Old News: An Illustrated Look at Curious Headlines From a Bygone Era

 “El Paso—Rayo Reyes, a musician, in an unwary moment, crosses to the Mexican side and is robbed of everything he had with him by highwaymen. The hold-up was a most thorough one, and included the taking of Reyes’ clothes. He was afterwards forced to recross the Rio Grande in his underclothes.”
Shiner Gazette, March 4, 1909


Where Have All the Flowers Gone?

For years, Cleveland Turner was a fixture of Houston’s Third Ward, riding his bike every day, foraging for cast-off flowers, misfit toys, and other brightly colored urban detritus to decorate his home at 2305 Francis Street, the third location of the Flower Man House, his decades-long, ever-evolving masterpiece of African American yard-show art. But when Turner fell ill with stomach cancer in 2013, the house ailed as visibly as he did.

The Checklist


Black Beauty, Elana James (Snarf Records, February 24)
As Hot Club of Cowtown’s fiddler and singer, James is best known for playing western swing and hot jazz. Black Beauty is a reminder that her training—studies in classical and North Indian music, a sideman gig with Bob Dylan—ranges much further. And so: a disparate bunch of original compositions, an Azerbaijani folk song, and covers of Dylan, the Dead, and, hmmm, the electro-pop duo Yazoo.

Meanwhile, in Texas . . .

  • A Slaton man deposited five hundred pounds of pennies, equaling about $816, which he’d been collecting for 65 years.
  • As of January 22, Amarillo had received 13.1 inches of snow in 2015, an inch more than Syracuse, New York, “America’s Snowiest Big City.”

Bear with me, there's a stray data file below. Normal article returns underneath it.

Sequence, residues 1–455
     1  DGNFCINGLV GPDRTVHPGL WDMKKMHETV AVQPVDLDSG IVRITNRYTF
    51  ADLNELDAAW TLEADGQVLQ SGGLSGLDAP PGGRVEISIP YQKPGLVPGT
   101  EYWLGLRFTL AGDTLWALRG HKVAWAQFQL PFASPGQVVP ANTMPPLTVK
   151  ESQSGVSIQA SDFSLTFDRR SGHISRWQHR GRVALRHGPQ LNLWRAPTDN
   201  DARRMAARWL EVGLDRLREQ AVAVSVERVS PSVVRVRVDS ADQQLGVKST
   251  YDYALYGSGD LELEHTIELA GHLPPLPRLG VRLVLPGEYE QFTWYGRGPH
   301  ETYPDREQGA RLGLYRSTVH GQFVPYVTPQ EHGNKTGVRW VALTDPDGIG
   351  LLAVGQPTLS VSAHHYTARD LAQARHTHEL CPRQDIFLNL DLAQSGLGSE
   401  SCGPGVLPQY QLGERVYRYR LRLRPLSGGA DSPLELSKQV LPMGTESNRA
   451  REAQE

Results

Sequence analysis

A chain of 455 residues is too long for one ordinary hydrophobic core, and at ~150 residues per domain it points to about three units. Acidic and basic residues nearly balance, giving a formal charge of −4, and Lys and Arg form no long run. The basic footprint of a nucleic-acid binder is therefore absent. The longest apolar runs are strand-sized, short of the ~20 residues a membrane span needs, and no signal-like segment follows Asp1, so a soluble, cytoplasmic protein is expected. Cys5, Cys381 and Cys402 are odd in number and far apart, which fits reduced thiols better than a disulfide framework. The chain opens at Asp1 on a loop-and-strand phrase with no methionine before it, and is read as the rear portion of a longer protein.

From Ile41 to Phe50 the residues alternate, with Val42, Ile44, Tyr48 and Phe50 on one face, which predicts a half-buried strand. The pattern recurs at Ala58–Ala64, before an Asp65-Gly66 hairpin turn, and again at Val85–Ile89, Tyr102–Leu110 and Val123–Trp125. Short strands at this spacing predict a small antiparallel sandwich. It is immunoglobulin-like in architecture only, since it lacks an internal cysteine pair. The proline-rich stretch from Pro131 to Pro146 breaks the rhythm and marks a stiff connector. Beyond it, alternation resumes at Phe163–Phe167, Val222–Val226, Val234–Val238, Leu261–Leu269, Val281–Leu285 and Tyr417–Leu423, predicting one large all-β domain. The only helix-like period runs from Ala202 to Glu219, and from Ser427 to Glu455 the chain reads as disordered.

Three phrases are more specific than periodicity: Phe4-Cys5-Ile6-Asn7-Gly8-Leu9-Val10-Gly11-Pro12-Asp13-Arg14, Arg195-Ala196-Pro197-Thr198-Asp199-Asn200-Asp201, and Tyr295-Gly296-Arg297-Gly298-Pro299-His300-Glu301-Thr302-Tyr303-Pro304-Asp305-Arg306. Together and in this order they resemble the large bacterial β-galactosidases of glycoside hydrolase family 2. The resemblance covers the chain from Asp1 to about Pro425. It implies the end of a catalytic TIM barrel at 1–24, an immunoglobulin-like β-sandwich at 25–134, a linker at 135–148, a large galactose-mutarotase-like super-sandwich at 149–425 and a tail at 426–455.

• The Dallas Safari Club, which last year faced criticism for auctioning off a hunt of the endangered black rhino, faced criticism again for sponsoring an African elephant hunt, which it eventually canceled.

SXSW Everything

From the moment in 1986 when the idea to hold a music conference in Austin was first broached, Roland Swenson has been a part of SXSW—initially to convince people that it wasn’t a crazy idea, and then to make it happen. In the years since, he has overseen a trajectory of growth that has included the launches of SXSW Interactive, SXSW Film, SXSW Edu, SXSW Eco, and the V2V entrepreneurial conference.

Last Man Standing

Amid all the changes in state government brought about by the November election, Joe Straus remains the most notable constant. The San Antonio Republican was first elected speaker of the House in 2009 after widespread dissatisfaction with the heavy-handed leadership style of Tom Craddick, the first Republican speaker since Reconstruction, led to Craddick’s ouster.

Meanwhile, in Texas . . .

A hummingbird that had flown off course on its migration south was taken by airplane from Minnesota to Texas, where it was released into the wild. A Woodlands house with a three-story closet was put on the market for $12.9 million.

•Fathers at Lakewood Elementary School raised money to buy a car for the longtime crossing guard, whose vehicle had been repossessed following his wife’s costly illness.

The Checklist


Make Some Room, The Suffers (self-released, January 20) 
Yes, this is a four-song EP from an unsigned Houston band. But when that band dominates the Houston Press Music Awards, attention must be paid. And given this ten-piece ensemble’s razor-sharp funk revivalism and front woman Kam Franklin’s powerhouse voice, it’s tough to imagine they’ll remain unsigned for long. Sharon Jones and the Dap-Kings, watch out.

Abnormal Mycology

It all started with a dog. My friend’s bulging-eyed, pointy-eared terrier that I said looked like a gremlin. Or was it a mogwai? As the hour and the wine waned, she explained the difference between the two, a conversation that put me in mind of gnarly creatures that emerge when conditions are just right.

Old News

“Beaumont has made a record for herself that has perhaps not been equaled before in any other city in the state. Beside the disagreeable distinction of claiming the heaviest snowfall, she also thinks she can claim the distinction of having had used on her streets the first snowshoes ever used in Texas.”
Galveston Daily News, February 17, 1895



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